Exploring Regional Variations of the Manufacturing Sector
May 15, 2015
The manufacturing sector saw, at 3.4 percent, stronger year-over-year wage growth than the average 2.7 percent across all industries, according to the ADP Workforce Vitality Index. But there is considerable variation in the conditions facing manufacturers depending on geographic area.
In recent months due to the increased strength of US dollar, though employment growth in manufacturing has slowed down somewhat, still it has seen a considerable growth, both in wages and employment, in the Midwest. Wages were up 3.3 percent while employment climbed 2.6 percent.
In general, manufacturing has been recovering along with the economy, according to Fariborz Ghadar, professor of global management, policies, and planning at the Smeal School of Business at Penn State. But an additional factor has been lower energy prices. "Anybody who uses gas is basically going to be ecstatic about moving operations to the States," Ghadar says. That includes automobile, fertilizer, and chemical manufacturing, much of which is in the Midwest.
Part of the higher growth in the Midwest may also owe to how badly it was hit during the recession. "Automotive is probably the best example," said Howard Sosoff, manufacturing and distribution practice leader at BDO USA. "Consumers weren't spending; business was holding back with capital spending. Production today is almost double from what it was in its lowest years in the 2008 - 2009 timeframe."
Employment growth in the South is a result of expansion, said Mel Redman, CEO of manufacturing and logistics company, Redman and Associates, which opened a new manufacturing facility in January 2014. "In our area of northwest Arkansas, employment opportunities are great," Redman said. "Wages are going up, particularly in manufacturing, distribution, and logistics." But experienced manufacturing workers are in short supply. Redman has had to entice people from other parts of the country at times, and competition for talent is high, providing upward pressure on wages.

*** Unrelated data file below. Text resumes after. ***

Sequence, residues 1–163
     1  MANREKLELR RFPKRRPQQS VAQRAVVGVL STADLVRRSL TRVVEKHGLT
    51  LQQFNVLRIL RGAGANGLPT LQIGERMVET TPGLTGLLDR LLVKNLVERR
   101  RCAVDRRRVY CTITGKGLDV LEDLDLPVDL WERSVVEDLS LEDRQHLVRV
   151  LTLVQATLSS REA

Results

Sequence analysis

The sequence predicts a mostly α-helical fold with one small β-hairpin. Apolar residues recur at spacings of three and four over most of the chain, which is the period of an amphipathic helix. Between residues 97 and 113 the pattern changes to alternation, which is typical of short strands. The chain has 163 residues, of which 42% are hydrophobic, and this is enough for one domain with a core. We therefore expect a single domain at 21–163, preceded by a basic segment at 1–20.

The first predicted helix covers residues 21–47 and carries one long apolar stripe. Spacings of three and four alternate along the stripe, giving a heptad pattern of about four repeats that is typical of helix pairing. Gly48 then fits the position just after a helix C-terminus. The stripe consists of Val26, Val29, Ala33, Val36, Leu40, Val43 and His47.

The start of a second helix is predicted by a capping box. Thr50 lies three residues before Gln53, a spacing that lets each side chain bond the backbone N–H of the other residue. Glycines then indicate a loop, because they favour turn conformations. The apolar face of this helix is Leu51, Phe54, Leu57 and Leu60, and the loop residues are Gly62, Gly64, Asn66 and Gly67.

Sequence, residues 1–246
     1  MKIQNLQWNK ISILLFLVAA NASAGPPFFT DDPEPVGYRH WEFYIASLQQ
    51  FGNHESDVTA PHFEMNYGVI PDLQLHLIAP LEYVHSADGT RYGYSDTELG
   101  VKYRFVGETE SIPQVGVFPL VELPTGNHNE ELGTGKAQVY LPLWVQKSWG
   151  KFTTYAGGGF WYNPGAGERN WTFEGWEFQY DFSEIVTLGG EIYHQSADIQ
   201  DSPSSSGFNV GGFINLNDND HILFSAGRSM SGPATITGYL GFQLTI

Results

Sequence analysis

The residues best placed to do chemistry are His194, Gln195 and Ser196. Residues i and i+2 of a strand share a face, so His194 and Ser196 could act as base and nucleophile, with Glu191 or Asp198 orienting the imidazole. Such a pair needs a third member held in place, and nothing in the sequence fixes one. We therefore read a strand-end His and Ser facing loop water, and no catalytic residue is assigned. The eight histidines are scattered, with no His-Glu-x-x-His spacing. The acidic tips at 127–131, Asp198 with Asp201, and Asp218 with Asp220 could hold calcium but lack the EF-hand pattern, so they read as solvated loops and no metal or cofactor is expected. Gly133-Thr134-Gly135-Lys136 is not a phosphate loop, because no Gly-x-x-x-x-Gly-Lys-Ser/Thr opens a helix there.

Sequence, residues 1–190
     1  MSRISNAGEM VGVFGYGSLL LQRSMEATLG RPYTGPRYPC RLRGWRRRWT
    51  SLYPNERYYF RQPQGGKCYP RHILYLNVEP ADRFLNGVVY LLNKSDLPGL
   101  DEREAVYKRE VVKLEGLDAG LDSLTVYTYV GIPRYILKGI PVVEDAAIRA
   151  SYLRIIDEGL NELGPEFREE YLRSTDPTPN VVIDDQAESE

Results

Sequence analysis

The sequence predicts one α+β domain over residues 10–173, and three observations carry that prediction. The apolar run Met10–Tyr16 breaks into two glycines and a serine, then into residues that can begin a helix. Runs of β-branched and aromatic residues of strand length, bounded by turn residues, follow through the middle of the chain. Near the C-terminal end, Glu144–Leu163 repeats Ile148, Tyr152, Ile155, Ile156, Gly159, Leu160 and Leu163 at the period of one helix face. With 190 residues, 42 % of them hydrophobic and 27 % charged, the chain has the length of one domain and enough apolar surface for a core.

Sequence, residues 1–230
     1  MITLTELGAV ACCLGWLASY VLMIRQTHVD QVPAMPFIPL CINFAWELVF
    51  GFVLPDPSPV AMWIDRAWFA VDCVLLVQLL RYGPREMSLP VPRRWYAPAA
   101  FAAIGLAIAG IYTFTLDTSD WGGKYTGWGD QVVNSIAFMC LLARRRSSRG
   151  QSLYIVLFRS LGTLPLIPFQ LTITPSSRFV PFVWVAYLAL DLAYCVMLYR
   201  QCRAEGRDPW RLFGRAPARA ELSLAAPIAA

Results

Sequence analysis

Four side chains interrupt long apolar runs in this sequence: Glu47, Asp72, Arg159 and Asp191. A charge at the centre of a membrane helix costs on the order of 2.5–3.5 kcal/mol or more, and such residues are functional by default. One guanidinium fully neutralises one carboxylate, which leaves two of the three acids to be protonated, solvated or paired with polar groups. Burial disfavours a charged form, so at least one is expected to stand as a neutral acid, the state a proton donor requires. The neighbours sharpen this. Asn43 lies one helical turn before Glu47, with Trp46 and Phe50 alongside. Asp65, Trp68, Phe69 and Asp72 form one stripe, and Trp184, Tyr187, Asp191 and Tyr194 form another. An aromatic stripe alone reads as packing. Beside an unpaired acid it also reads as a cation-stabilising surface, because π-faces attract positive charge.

Not only could employment growth further increase wages, but could also increase competition for talent. The following strategies could help manage the impact of this double expansion:
- Control Hiring Costs — the average age of manufacturing employees is higher than most other industries, which could mean hiring for current and future turnover. Finding skilled labor complicates the problem. As manufacturing continues to recover from the recession, companies will also need additional hiring. That may mean increased recruiting and hiring costs, including advertising, screening candidates, onboarding and training them. Reducing those costs through more efficient hiring and onboarding, or offsetting them with tax credits for hiring and training could help reduce the impact.
- Business Recovery — as recovery for the sector continues, a growing economy typically translates into more opportunity for everyone, spurring increased consumer activity and retail growth. Companies may open additional facilities or even consider moving locations to different geographic areas to benefit from state and local incentives. This could lead to increased cost and complexity to comply with laws and requirements of new jurisdictions. Automation of manual tasks often associated with compliance may help reduce the cost and complexity in multiple jurisdictions.
- Increase HR efficiency — whether hiring, retaining, or managing employees with unique talents, efficiency and cost-effectiveness of processes will become critical in establishing and maintaining competitiveness. Disparate systems and manual tasks could be replaced with unified solutions and increased automation to help improve efficiency as processes are burdened with more hiring and turnover.
- Leverage Data — increasing wages and increasing hiring would typically add cost directly to the bottom line, thus increasing cost of goods and reducing profit margins. Organizations that mine internal and external data and turn it into actionable insights may be able to reduce these costs by making better and faster decisions about when, where and who to hire.
As wages put pressure on manufacturing during its recovery period, companies will have to watch carefully to preserve profit margins while obtaining the levels of critical talent they need to create products.
About the Report: The ADP Workforce Vitality Index is a comprehensive, quarterly measure of U.S. workforce dynamics that looks at key labor market indicators, such as employment growth, job turnover, wage growth and hours worked. This report yields deeper insights into workforce dynamics and trends than previously available.
For media inquiries about the ADP Workforce Vitality Report, please call 201-400-4583 or email Allyce Hackmann.